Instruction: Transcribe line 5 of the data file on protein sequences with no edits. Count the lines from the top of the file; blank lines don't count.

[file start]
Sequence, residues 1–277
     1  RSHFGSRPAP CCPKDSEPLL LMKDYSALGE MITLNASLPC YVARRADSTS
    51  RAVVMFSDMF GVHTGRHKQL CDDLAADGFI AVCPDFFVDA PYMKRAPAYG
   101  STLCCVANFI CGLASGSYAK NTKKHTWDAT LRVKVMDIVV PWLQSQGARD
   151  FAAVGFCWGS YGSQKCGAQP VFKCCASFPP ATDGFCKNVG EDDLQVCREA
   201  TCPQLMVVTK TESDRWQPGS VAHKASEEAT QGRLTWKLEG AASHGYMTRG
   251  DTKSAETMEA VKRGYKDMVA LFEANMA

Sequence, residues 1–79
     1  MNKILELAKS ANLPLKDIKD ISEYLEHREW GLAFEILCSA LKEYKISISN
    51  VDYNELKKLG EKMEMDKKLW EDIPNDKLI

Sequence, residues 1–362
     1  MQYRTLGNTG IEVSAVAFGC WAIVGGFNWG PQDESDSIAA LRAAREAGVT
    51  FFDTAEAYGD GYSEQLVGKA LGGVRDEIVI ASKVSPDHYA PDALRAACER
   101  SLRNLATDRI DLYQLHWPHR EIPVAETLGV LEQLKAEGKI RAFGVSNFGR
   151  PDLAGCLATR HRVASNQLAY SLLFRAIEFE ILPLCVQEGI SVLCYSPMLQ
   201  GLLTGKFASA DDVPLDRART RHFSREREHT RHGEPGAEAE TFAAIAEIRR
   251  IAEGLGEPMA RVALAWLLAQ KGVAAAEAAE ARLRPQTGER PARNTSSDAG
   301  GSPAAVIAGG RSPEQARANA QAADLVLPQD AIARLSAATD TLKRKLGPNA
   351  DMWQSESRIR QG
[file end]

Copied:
   151  FAAVGFCWGS YGSQKCGAQP VFKCCASFPP ATDGFCKNVG EDDLQVCREA